Faculty mixed on campus surveillance

While the idea of being under surveillance is appealing to some faculty members, others find the practice to be unethical.

Central Michigan University has accumulated 546 surveillance cameras in the last eight years, seeing a large increase in the number of cameras installed on campus in the last four years, costing the university about $500,000 for the cameras and support system.

CMU Police Chief Bill Yeagley told Central Michigan Life Tuesday that cameras are crucial to campus safety, saying, although the cameras are not monitored around the clock, police always have the ability to see what is happening on campus.

The location of cameras ranges from parking lots and residence halls to the library, the Student Activity Center and academic buildings. This means, at any given time, the actions of faculty members are being watched or recorded.

"I was aware that there were a few (cameras) in buildings but completely unaware that there were so many," journalism professor John Hartman said. "There are usually signs that state that you are under surveillance. I would describe these cameras as secret."

Hartman says university administrators have made a significant mistake by not putting up signs in public areas that state the area is under video surveillance and said had signs been posted in the SAC parking lot, the Jan. 16 abduction of a CMU student might not have occurred.

"I would like to think that if they had signs in the athletic parking lot (stating) that (it was) under surveillance, the perpetrator may have seen those signs and decided that he was not going to abduct the student," Hartman said.

Some professors, including fixed-term earth and atmospheric sciences professor Joshua Barringer and associate professor of biology Stephen Juris, said the fact that the cameras are constantly monitoring activity is not a problem.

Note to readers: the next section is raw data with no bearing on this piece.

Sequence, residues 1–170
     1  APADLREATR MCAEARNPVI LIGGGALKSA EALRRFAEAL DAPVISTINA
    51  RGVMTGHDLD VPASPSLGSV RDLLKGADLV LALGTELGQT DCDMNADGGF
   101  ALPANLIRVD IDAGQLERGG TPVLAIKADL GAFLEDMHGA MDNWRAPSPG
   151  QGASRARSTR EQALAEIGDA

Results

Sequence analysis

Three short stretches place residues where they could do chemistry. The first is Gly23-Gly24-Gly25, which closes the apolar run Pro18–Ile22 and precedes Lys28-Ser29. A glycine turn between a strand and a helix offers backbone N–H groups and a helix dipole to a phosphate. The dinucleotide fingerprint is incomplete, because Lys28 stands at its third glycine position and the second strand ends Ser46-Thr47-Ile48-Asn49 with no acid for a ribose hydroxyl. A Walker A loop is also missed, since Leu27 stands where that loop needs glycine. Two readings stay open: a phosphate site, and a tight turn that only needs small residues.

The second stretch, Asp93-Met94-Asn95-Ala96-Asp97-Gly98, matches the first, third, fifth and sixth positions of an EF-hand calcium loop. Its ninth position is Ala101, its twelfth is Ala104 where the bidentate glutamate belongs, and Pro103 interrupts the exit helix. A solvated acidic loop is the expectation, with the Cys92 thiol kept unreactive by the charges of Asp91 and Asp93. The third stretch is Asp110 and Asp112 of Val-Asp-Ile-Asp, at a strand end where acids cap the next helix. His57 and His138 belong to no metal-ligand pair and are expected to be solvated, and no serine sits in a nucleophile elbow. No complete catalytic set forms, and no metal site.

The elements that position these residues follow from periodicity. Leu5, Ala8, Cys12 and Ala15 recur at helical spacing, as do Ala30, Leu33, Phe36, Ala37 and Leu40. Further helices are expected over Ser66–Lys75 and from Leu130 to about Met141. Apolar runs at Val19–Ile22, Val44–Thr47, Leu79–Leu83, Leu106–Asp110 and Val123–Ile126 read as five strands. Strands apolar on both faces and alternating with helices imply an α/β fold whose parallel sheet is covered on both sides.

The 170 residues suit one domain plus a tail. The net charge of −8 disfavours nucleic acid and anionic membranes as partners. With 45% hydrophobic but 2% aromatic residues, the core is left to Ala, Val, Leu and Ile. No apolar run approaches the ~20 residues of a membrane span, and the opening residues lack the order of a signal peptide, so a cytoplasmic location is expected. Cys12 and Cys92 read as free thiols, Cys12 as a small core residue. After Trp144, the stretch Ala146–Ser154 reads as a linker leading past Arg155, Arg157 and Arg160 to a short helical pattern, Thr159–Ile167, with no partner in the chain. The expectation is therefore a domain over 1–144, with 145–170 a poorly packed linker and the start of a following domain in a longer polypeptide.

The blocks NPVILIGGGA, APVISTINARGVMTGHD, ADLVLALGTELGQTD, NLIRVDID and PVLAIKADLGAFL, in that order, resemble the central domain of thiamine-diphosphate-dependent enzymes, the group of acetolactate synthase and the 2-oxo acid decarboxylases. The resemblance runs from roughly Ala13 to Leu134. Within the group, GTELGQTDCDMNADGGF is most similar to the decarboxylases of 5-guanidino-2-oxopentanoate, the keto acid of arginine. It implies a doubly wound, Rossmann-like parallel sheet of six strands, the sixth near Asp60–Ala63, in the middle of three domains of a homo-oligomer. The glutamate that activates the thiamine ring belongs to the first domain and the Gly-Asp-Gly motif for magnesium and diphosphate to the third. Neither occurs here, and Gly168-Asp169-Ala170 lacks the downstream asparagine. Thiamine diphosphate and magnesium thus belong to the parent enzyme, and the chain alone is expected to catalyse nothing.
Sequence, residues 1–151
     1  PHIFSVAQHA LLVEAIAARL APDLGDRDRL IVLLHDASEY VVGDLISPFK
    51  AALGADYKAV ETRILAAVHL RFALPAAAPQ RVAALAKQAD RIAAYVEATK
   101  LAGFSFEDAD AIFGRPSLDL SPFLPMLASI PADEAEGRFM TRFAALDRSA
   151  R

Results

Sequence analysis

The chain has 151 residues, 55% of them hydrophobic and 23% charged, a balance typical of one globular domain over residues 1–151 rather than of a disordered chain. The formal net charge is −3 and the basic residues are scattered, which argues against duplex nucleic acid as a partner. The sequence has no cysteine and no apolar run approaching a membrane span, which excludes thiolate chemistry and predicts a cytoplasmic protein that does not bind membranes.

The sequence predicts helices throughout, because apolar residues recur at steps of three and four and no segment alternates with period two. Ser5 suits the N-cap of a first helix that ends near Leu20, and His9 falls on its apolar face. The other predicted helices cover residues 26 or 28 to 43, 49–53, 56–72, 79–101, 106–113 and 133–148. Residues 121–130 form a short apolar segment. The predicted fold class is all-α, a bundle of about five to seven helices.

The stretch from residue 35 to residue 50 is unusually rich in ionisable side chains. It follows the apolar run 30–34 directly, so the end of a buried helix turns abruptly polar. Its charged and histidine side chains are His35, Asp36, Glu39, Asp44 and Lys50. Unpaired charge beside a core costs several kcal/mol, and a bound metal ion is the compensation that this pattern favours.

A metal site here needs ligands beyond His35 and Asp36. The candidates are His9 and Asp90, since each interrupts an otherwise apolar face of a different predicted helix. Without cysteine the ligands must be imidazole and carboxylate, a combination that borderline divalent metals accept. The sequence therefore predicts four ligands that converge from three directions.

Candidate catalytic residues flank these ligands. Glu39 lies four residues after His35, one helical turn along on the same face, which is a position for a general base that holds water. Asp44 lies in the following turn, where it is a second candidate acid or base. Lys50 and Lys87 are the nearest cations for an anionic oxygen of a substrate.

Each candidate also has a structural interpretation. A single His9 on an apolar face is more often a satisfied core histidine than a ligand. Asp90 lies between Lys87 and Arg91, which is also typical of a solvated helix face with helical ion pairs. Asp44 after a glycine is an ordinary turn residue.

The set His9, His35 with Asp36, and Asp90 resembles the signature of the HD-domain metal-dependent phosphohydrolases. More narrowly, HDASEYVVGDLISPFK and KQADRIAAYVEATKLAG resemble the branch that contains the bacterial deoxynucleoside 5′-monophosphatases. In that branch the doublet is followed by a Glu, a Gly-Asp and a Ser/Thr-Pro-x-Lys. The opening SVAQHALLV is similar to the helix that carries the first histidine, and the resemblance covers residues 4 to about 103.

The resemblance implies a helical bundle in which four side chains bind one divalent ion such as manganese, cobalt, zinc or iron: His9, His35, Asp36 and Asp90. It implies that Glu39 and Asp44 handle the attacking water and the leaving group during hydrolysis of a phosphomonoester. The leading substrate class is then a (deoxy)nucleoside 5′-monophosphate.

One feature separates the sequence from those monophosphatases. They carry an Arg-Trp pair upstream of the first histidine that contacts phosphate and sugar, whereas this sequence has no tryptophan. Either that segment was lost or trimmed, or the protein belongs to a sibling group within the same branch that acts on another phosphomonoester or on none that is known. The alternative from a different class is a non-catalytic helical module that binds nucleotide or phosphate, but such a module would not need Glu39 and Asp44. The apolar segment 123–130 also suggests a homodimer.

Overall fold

Juris said the presence of the cameras makes him feel safer on campus because of all the recent criminal activity occurring in the area.

"I have nothing to hide in terms of what I do on campus, so I don’t see being watched as a bad thing," he said.

Barringer said the proposition of being under constant surveillance is not something he is concerned with and said being monitored occurs in other aspects of life as well.

"Consider stores like Walmart and Meijer," he said. "You’re assumed to be a potential shoplifter and are watched virtually all the time. Same thing at many federal buildings or labs where there’s proprietary research taking place. Further, CMU can monitor web traffic, too. Anything I do on my office computer is potentially being monitored."

Assistant professor of Spanish Mary Garland-Jackson said if the cameras are ensuring the safety of students on campus and detecting crime, the hefty price is worth the investment.

"It is a lot of money, but if it is for security purposes, it seems worth it," she said.


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